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Shock Physics: an expert field

By 4 October 2017 No Comments

The term “Shock Physics” is not defined in traditional dictionaries or even in our modern-day Wikipedia. This expression, which originated in the English language, refers to a specific branch of Physics that studies the behaviour of materials subjected to impacts and the behaviour of explosives. The latter is also sometimes referred to as “detonics”.

How to classify Shock Physics?

Physics can be divided into several major branches such as optics, mechanics, electromagnetism, thermodynamics and more recent branches including general relativity or quantum mechanics. The distinguishing feature of each of these branches is the type of material behaviour they are concerned with, and consequently, the various laws that govern that behaviour. Shock Physics is part of Classical Mechanics, in which laws can be expressed as mathematical equations and describe the conservation of certain values such as mass, energy and momentum. The purpose of these general laws of mechanics is to explain how materials move when subjected to mechanical forces. More generally, mechanical engineers provide answers to the question “how does a material change shape depending on the forces (or stresses) applied to it?” If we were to give a very general summary, we could say that mechanics is concerned with the way materials are deformed when subjected to forces.

ball impact on aluminum plate, 8600 m/s

Characteristics of Shock Physics

Shock Physics is concerned with the same phenomena, but with one fundamental difference: the time during which the stress is applied (force per unit area). In other words, in the case of an impact (vehicle against a wall, block of ice on an aircraft cockpit, bullet on armour, space debris on a satellite, etc.) or explosive, the material is subjected to shock waves which transmit information about the stress imposed on a part of the material. The propagation times are relatively short, depending on the propagation speed of the shock waves within these materials. For example, in steel or aluminium, the propagation time (also known as velocity of propagation) is around 5,000 m/s, in ceramics approximately 10,000 m/s and in plastics around 3,000 m/s.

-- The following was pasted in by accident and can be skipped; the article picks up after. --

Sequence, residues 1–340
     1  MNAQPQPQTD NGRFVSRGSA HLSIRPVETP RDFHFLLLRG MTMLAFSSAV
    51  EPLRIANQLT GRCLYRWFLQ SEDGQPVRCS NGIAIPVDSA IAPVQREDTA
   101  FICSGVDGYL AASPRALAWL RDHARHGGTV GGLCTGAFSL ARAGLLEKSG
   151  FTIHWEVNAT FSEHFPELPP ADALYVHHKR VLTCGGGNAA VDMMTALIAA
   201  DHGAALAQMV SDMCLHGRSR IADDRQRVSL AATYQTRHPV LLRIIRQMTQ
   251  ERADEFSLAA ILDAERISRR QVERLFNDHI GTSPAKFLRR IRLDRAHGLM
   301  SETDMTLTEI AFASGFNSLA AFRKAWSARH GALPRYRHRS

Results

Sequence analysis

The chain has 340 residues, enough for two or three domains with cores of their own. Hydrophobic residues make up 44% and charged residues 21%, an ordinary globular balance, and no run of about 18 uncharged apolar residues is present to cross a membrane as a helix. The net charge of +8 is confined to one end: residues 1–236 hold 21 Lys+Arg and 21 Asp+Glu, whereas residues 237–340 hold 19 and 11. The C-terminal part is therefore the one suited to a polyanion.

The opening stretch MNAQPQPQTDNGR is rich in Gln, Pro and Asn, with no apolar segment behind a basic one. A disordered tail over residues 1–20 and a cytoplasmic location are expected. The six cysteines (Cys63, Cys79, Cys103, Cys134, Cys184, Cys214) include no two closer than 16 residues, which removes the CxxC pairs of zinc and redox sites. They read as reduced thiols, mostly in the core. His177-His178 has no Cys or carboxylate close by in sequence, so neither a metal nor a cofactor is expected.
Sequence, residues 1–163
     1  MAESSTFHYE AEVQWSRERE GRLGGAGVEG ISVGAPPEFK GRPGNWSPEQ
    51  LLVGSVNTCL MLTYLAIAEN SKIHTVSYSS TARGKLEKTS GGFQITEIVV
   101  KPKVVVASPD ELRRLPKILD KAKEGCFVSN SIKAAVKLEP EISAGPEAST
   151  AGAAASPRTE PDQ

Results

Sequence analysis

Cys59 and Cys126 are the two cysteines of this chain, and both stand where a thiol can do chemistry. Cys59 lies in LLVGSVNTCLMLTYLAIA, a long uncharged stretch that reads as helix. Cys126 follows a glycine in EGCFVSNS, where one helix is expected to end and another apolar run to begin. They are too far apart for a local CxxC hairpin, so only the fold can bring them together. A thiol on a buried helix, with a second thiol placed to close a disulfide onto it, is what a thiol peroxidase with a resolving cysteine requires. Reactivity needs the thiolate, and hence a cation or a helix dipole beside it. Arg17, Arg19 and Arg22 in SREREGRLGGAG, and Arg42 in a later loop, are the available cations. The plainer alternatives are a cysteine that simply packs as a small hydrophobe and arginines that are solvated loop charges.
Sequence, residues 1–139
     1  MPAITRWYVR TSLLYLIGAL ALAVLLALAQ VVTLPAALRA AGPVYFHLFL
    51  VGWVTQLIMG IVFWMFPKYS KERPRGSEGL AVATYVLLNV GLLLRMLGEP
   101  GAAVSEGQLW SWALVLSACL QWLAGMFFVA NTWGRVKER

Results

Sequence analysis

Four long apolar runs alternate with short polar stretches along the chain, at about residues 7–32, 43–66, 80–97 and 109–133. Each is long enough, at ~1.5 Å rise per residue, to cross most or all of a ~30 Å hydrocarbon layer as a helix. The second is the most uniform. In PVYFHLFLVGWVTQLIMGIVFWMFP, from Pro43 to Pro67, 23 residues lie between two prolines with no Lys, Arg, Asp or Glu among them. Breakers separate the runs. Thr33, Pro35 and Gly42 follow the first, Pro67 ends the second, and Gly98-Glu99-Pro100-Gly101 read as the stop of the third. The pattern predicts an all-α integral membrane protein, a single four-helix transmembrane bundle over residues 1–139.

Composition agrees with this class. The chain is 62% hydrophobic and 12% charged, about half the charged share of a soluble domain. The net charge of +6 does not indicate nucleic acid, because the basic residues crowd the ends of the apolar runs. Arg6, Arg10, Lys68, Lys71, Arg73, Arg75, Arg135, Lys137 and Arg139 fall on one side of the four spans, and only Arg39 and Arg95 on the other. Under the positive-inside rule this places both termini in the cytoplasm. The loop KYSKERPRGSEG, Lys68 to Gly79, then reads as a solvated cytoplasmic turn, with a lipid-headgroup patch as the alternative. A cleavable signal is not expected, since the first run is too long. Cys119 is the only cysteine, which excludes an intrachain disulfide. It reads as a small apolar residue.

The main characteristic of Shock Physics is therefore the dynamics of the phenomena encountered, i.e. the speed at which the material is deformed. The time scales dealt with here are microseconds (µs = one millionth of a second) or even nanoseconds (ns = one billionth of a second). No need to be a genius to work out that a material will not react in the same way if it is subjected to forces for one µs or several seconds.

This is the real crux of Shock Physics: how to characterise a material’s behaviour (deformation, damage, fragmentation) with respect to the intensity of the stress applied as well as the time during which it is applied.

Detail of Nida material after impact.

Diverse fields of application

This branch of Physics is applied in the following major fields:

  • Defence & Security (bullet impacts, explosions)
  • Aerospace (bird strikes, hail, etc.)
  • Space (space debris, vulnerability of spacecraft and satellites)
  • Energy (oil and mining exploration)
  • Geophysics (Earth’s behaviour, asteroid impact events)
  • Astrophysics (behaviour of planets and stars)
  • Materials engineering (creation of new materials, transformation of graphite into diamond)

Advantages of digital simulation

As regards calculations, specific software applications are used to simulate these rapid phenomena and offer various resolution algorithms. These algorithms or digital diagrams are selected according to the configuration being studied. The main difficulty related to the use of this software is the fact that the behaviour encountered is non-linear. This non-linearity leads to major deformations of the material, corresponding to phenomena that push the boundaries of the equations which these digital diagrams are able to validate. Consequently, the Shock Physics software currently available is not sufficiently reliable to eliminate the need for validation tests.

To sum up, the powerful combination of calculations, characterisation of dynamic behaviour and testing (not forgetting the contribution of metrology) guarantees that the results obtained by Thiot Ingenierie’s experts are sufficiently reliable.

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